Attorneys, judges and elected officials prayed together in Little Rock for Law Week in Arkansas.
McDonald Hall at Little Rock’s Cathedral of St. Andrew was the setting for the 2023 Interfaith Prayer Breakfast, May 4, hosted by the St. Thomas More Society of Arkansas and Pulaski County Bar Association. The annual breakfast coincided with Law Week in Arkansas, under the banner “Surround with Justice, Embrace with Grace.” The theme was reinforced by the slate of speakers, which included clergy from five different faith traditions.
“Gathering together under this beautiful theme coming from Dr. Martin Luther King Jr. is a great reminder of a sermon … where he used the philosopher Hegel and his system of dialectical logic,” said Father Rubén Quinteros, pastor of Immaculate Heart of Mary Church in North Little Rock (Marche) and St. Mary Church in North Little Rock. “Dr. King got the inspiration from this philosopher as an analogy of the synthesis which reconciles with two outstretched arms, ‘One is strong enough to surround us with justice, and one is gentle enough to embrace us with grace.’
“Pope Francis mentioned last year in a speech to lawyers that ‘Justice must always accompany the search for peace, which presupposes truth and freedom.’ This human and spiritual search, which is innate or distinctive to every human being, must find its fulfillment in truth and freedom. This is the field where justice is imparted and where grace is found.”
Father Quinteros was joined on the dais by Rabbi Mark Biller of the Congregation Agudath Achim in Little Rock and Rev. Joseph Bittle of Holy Trinity Orthodox Church in Little Rock, who noted the courage it often takes to pursue peace even as one seeks justice.
“One of the things I often emphasize with newcomers to our church … is that we start with and often return to the petition for peace, and that we are first of all seeking the gift of the ‘peace from above’, not that which we, on our own steam, can create from below,” he said. “That peace we are petitioning for isn’t simply the absence of conflict. Peace, biblically speaking, is much broader than that … which is to say, things ordered in creation as the Creator ordered them to be, things as God designed them.
“As human beings, lawyers or not, we must do the legwork for justice, bringing grace, but ultimately for justice and grace to blend together in truth, in the peace that is Shalom, and we must seek that from above all the while treading the difficult and often personally perilous way of being ‘The King’s good servant, but God’s first,’ This may cause us to find ourselves in the King’s disfavor, but if so, so be it.”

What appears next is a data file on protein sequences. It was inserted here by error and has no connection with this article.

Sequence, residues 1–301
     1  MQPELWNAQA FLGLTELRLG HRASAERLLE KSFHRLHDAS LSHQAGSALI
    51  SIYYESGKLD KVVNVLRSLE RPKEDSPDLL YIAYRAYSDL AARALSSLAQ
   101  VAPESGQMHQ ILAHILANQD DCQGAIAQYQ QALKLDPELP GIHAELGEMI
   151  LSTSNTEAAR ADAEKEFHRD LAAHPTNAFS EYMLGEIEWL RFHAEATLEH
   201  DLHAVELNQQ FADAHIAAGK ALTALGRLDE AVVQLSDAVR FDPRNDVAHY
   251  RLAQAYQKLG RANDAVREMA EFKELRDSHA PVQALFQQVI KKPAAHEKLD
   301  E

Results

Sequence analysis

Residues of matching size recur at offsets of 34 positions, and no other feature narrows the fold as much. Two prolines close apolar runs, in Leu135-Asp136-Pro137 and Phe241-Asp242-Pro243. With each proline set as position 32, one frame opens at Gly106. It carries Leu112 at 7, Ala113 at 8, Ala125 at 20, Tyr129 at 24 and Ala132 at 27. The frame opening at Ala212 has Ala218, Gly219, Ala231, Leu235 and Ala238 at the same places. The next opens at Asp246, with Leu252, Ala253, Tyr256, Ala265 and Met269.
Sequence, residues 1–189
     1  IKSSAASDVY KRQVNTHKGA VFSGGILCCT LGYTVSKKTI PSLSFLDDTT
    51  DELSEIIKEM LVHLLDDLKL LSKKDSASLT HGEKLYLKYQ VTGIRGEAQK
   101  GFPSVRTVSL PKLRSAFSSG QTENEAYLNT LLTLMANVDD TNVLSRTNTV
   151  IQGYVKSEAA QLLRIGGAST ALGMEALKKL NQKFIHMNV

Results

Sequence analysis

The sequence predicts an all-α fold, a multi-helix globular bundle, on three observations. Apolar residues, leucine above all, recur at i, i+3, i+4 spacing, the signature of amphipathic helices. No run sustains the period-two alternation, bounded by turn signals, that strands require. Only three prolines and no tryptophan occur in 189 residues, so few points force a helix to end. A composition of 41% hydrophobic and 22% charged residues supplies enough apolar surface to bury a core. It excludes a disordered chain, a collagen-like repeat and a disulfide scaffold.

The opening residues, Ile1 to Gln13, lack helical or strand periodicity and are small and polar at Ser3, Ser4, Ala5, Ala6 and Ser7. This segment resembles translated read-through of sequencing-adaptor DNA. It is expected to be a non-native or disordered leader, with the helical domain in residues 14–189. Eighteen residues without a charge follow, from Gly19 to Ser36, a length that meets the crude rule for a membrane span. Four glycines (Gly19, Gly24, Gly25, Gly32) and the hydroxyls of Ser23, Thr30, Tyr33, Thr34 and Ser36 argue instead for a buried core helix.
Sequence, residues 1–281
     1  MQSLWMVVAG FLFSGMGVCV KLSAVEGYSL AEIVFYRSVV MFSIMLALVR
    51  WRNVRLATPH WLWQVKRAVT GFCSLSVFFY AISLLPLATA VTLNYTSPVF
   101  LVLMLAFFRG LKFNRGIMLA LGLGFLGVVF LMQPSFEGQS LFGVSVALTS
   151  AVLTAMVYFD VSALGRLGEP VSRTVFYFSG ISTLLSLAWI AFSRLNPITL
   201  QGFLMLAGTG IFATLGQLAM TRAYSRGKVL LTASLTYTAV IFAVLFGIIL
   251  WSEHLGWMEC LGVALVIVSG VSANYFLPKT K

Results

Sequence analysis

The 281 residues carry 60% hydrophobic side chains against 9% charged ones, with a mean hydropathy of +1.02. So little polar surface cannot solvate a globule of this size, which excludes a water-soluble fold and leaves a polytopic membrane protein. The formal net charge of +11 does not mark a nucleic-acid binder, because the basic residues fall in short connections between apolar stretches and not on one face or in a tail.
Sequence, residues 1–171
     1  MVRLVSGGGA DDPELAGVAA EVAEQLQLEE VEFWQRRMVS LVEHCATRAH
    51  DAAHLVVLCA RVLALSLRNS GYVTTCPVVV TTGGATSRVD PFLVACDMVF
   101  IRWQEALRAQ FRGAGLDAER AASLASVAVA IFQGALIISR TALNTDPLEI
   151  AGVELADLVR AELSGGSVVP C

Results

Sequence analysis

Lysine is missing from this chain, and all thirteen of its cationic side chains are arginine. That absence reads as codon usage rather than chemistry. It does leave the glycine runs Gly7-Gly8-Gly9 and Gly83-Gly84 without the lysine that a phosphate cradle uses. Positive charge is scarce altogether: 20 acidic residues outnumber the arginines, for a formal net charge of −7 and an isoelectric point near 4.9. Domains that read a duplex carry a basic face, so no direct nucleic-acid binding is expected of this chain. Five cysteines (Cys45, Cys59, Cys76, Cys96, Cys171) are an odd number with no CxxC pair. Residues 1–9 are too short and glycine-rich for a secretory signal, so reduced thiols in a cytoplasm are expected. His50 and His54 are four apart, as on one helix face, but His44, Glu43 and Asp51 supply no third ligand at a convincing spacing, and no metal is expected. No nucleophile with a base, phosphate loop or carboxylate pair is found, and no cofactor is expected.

Also delivering remarks were Rev. Brittany Richardson-Watson of First United Methodist Church in Little Rock and Bishop Phoebe Roaf of the Episcopal Diocese of West Tennessee in Memphis, who called for a new era of kindness and understanding toward those who are disadvantaged or recovering from poor choices.
“What a society prioritizes is demonstrated not in the status of those of us who are blessed with access to resources, but in how the most vulnerable members of society are treated. When we’re at our lowest, how do others respond to us? Are we forever seen as our worst mistake?” she said. “I wonder if Americans have lost our empathy for the suffering of others. All of us have blind spots and a little humility can go a long way. Discussing options with a diverse group raises issues that we may miss if we are deliberating on our own. That may sound simple, but it’s difficult in these highly polarized times.
“Brothers and sisters, we’re all Americans! We’re on the same team, and we’re going to sink together or swim together. Having an open heart and mind, a willingness to consider different perspectives and a spirit of humility are prerequisites of the important work you are engaged in. We find ourselves in an era where now more than ever we need courageous men and women to step forward and embody our Judeo-Christian ethics.”
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